- Resident Artists
Scenes 5 and 6 are both explorations of Galileo's scientific experiments and findings, so I'm going to talk about them together.
But first: SCIENCE!
Scene 6 is full of SCIENCE! Just so you know, I have been yelling SCIENCE! intermittently, at random, in the middle of the production office backstage. I encourage you to do the same. Except not in the production office, because it's already pretty crowded in there.
Scene 6: Incline Plane There is no singing in this scene; instead, Galileo, in spoken language, expounds on his findings on the inclined plane.
I can't tell you what Philip Glass or Mary Zimmerman intended to happen during the long musical interlude here (because, as I've mentioned previously, all stage directions have been accidentally excluded from the score). What I can tell you is what's happening on our stage, which is, basically, six minutes of gleeful wonder at the process of scientific discovery. IT'S AWESOME!
Using a ladder and a beautiful replica of Galileo's inclined plane, our cast of characters explore three of Galileo's most important scientific experiments.
Okay, first, let's just clear this up. Bodies = cannonballs/large weighted objects. Bodies =/= corpses.
[the cast rehearses a section of Scene 6]
Early in his career as mathematician at the University of Pisa, Galileo allegedly climbed, along with his students, the eight stories of the Leaning Tower with a collection of differently sized cannonballs. Reaching the top, he dropped balls of differing weights from the tower to see whether the weight of the falling body affected the speed of its fall -- which, he proved, it did not.
Let's backtrack for a second. Prior to Galileo's experiments from the Leaning Tower, Aristotelian physics asserted that objects of different weights fall at different speeds, completely dependent on their weight. So, according to Aristotle, a 10-pound cannonball would fall exactly 10 times faster than a 1 pound cannonball. Galileo knew, even without experimentation, that this idea was patently absurd: imagine dropping a one pound and a ten pound weight simultaneously, and having the one pound ball travel a distance of only ten meters, while the ten pound weight travels one hundred.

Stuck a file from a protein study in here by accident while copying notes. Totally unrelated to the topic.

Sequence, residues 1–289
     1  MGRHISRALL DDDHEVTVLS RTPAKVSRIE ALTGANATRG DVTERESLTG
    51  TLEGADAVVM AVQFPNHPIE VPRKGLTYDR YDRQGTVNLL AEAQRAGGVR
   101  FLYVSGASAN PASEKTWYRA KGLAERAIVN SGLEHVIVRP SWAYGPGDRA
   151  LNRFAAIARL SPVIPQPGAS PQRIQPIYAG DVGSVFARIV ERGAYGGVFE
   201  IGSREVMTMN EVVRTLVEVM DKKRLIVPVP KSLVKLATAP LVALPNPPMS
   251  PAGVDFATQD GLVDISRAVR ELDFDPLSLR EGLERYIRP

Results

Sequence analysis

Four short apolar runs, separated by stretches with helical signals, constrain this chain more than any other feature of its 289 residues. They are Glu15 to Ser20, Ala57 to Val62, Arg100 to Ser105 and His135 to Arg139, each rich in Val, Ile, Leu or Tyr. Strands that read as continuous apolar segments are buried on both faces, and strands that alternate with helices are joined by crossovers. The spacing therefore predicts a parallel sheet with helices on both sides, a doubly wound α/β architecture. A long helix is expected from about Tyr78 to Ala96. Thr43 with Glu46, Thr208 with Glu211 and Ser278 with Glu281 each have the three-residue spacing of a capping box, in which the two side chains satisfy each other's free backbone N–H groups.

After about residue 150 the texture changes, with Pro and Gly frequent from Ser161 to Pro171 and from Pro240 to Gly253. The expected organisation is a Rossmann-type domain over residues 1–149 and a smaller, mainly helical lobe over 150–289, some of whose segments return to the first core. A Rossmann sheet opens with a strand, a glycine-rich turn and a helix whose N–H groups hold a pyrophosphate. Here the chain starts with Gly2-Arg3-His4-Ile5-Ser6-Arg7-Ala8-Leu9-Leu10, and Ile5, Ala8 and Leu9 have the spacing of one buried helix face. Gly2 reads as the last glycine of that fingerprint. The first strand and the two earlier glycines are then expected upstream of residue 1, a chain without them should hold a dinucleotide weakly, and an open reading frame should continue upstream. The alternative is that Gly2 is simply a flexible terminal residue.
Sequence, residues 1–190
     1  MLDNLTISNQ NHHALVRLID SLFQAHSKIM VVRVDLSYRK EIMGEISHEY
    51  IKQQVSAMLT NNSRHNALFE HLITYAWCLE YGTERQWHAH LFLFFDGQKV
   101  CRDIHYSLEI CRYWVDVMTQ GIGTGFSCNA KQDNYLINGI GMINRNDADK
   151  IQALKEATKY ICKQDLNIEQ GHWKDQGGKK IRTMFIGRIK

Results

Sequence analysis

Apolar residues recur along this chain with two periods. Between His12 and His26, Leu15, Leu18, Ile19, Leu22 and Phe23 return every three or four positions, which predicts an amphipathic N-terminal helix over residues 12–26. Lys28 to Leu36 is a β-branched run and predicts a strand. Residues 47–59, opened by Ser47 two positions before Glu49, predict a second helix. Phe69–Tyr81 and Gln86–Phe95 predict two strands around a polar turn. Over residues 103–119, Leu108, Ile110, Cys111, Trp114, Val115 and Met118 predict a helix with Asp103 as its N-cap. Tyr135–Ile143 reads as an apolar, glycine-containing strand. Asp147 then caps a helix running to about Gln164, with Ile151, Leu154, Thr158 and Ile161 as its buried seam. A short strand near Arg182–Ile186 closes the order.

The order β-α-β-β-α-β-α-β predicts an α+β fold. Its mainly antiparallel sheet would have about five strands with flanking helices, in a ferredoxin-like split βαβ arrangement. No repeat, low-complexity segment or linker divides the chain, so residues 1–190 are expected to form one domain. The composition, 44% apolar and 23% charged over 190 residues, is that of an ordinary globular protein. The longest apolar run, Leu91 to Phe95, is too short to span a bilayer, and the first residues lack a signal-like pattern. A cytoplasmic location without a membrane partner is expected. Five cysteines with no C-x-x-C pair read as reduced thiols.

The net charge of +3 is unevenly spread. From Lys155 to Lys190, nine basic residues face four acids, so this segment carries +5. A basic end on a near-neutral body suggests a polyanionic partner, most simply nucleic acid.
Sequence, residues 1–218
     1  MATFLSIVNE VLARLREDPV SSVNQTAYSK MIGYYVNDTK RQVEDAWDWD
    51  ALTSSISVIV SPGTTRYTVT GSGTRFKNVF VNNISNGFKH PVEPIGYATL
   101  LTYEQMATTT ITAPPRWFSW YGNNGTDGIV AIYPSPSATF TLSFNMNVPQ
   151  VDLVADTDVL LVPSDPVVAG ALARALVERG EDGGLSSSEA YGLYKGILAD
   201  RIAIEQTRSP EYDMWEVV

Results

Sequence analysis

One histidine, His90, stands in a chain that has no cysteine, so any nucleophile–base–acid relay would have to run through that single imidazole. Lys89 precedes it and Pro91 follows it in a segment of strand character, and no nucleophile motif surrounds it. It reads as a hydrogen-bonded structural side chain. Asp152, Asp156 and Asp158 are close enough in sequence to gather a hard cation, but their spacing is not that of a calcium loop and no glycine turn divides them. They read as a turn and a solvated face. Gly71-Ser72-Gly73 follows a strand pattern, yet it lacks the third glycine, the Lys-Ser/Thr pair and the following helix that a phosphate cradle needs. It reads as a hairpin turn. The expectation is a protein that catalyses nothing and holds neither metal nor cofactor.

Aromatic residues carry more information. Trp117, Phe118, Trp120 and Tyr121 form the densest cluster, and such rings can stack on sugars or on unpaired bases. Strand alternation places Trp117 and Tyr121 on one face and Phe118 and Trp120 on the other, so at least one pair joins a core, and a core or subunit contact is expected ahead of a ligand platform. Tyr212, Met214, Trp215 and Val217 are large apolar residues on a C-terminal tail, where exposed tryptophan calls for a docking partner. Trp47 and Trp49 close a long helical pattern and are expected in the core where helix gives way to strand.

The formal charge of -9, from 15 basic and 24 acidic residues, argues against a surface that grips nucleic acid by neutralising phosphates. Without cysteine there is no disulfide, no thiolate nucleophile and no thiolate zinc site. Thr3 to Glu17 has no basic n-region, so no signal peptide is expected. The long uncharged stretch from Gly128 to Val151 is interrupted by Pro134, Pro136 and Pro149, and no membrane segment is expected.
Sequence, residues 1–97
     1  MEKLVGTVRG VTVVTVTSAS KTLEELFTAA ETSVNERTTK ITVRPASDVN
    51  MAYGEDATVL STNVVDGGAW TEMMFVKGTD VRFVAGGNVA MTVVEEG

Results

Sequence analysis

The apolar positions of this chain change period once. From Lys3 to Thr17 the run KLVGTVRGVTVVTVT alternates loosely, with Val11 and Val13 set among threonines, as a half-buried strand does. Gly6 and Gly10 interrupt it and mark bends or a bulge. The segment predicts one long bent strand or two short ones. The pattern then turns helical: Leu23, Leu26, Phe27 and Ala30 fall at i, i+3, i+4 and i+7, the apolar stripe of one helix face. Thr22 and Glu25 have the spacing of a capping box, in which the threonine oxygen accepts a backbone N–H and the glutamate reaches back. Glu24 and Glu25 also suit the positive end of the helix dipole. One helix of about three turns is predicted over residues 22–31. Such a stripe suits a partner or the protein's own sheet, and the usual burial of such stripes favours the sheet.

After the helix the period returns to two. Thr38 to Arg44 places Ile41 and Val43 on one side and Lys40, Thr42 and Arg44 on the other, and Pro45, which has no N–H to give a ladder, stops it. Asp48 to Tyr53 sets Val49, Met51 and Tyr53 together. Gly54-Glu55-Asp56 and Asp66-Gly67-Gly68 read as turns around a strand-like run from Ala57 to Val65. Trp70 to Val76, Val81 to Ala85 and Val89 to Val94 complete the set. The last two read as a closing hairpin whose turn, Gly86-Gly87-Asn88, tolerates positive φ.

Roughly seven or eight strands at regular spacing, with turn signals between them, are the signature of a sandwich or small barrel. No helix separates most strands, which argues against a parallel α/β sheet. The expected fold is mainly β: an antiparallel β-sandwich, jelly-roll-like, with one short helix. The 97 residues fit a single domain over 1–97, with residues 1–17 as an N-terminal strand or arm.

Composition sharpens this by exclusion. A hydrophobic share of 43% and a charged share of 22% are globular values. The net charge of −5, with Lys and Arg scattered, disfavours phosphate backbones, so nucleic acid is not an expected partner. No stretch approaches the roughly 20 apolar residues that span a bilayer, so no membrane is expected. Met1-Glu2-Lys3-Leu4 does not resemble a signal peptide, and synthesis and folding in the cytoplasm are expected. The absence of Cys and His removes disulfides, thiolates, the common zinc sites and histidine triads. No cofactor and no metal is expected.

Of course, Galileo's findings were that, regardless of weight, objects fall at the same speed. However, when he demonstrated this for some of his colleagues, they found that the hundred-pound cannonball Galileo used landed just before the one-pound ball, and thus declared his findings inaccurate.
"Aristotle," wrote a frustrated Galileo, "says that a hundred-pound ball falling from a height of a hundred braccia (arm lengths) hits the ground before a one-pound ball has fallen one braccio. I say they arrive at the same time. You find, on making the test, that the larger ball beats the smaller one by two inches. Now, behind those two inches you want to hide Aristotle's ninety-nine braccia and, speaking only of my tiny error, remain silent about his enormous mistake."
On a slight alteration of the above experiment, Galileo dropped one cannonball, while the other he pushed away from the tower (or threw it, essentially), making sure to keep the toss parallel to the ground (rather than arcing it in an upward motion).